Marketing, branding, and the psychology of colour
04.08.23 | By Kimberley Killender | design
Colour Theory: marketing, branding, and the psychology of colour.
Are you seeing red, feeling blue, or green with envy?
Instinctively, we know there’s a relationship between colours and emotions. Maybe you’ve painted a room pale blue to add some calm to your home. Or dyed your hair black as a teenager to show your existential angst to the world. (Guilty.) Or maybe you’re ‘dopamine dressing’, a clothing trend focused on wearing certain mood-boosting colours. The connection even colours our language: seeing red, feeling blue, green with envy.
Whilst how we react to certain colours can often depend on our psychology, background, and biological conditioning, there are overarching emotions and feelings colours create in people. This is why colour theory is crucial in advertising and marketing. Colour choice actually has a significant impact on how consumers perceive and respond to brands, products, and messages. In fact, up to 90% of people base their first impressions of a product on colour alone.
Why should you care about colour theory:
Visual impact and attention: Amidst a sea of competing ads, your colour palette acts as a visual siren. When you're scanning a shelf or scrolling a website, what catches your eye is often a burst of vibrant colour or the unexpected pop of a contrasting shade.
Brand recognition: Colours boost brand visibility and memorability. Consistent use of your brand's colours creates immediate associations, like Cadbury purple or Coca-Cola red. Whereas unique colour pairings, like Ultraviolette skinscreen's bright blue with neon accents, help create a distinct market presence.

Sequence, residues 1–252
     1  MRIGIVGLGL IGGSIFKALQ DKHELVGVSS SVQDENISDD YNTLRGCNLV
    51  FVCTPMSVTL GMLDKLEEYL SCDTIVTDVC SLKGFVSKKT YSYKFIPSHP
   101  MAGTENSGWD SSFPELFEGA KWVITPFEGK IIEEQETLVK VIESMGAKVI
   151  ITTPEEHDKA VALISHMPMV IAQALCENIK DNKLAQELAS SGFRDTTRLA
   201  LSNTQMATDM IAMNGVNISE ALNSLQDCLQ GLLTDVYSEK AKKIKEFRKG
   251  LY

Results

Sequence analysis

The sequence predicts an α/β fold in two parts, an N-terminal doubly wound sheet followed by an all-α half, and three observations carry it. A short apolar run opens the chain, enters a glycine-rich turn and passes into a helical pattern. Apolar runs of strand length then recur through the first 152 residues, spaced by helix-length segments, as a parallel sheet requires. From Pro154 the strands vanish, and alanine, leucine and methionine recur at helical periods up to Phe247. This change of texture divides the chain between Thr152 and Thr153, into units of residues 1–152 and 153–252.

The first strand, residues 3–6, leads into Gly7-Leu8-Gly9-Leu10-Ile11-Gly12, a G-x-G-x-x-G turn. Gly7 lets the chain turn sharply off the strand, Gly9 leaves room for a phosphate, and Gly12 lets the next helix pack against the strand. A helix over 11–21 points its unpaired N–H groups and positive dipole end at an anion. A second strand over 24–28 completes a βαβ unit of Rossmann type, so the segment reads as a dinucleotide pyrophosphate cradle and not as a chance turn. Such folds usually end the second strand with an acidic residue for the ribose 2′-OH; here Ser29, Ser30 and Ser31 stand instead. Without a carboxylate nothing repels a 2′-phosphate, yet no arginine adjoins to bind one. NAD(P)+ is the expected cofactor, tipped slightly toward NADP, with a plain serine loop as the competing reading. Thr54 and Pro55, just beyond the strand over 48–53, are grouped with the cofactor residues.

Brand personality: Choosing a palette that aligns with your brand personality can help consumers understand why your brand's vibe is from the first look. Are you young and vibrant, or all about legacy and luxury? Your colours will help clue people in immediately.
Differentiation and competitive advantage: Do something different to your competitors and choose colours outside the norm for your industry. It helps keep you top-of-mind when a consumer needs your product or service, and ensures you stand out in your market.
Emotional influence: Colours possess a remarkable ability to evoke specific feelings, so selecting hues that tap into the right emotions is crucial. By leveraging the impact of colours on people's emotional responses, you can create a profound connection to your brand.
By understanding the psychology behind colours, you can strategically use them to enhance your messaging and influence consumer behaviour.
A guide to colour meanings, psychology, and flags for brands.
Meaning: Passionate, bold, courageous, energetic, exciting, urgent.
Scientifically: Provokes the strongest emotions of any colour. Stimulates appetite, spikes energy and excitement.
Brands doing it best: Coca-Cola, Netflix, KFC
Flags: Red is also deeply associated with warning and panic, so use carefully.
Meaning: Trustworthy, stable, calm, reliable, dependable, secure, professional.
Scientifically: Produces a calming effect on the brain and body. Strong blues stimulate clear thought, and lighter, softer blues calm the mind.
Brands doing it best: Facebook, Officeworks, Ultraviolette
One-third of the world’s top brands already use blue.
Some pigments of blue don’t dry fully, and will transfer colour. Business cards, shopping bags, product packaging can all rub off onto other things if your blue uses alkali blue pigments.
Meaning: Optimism, happiness, warmth, creativity, logic, enthusiasm, originality.
Scientifically: Activates the left brain (that’s the analytical part)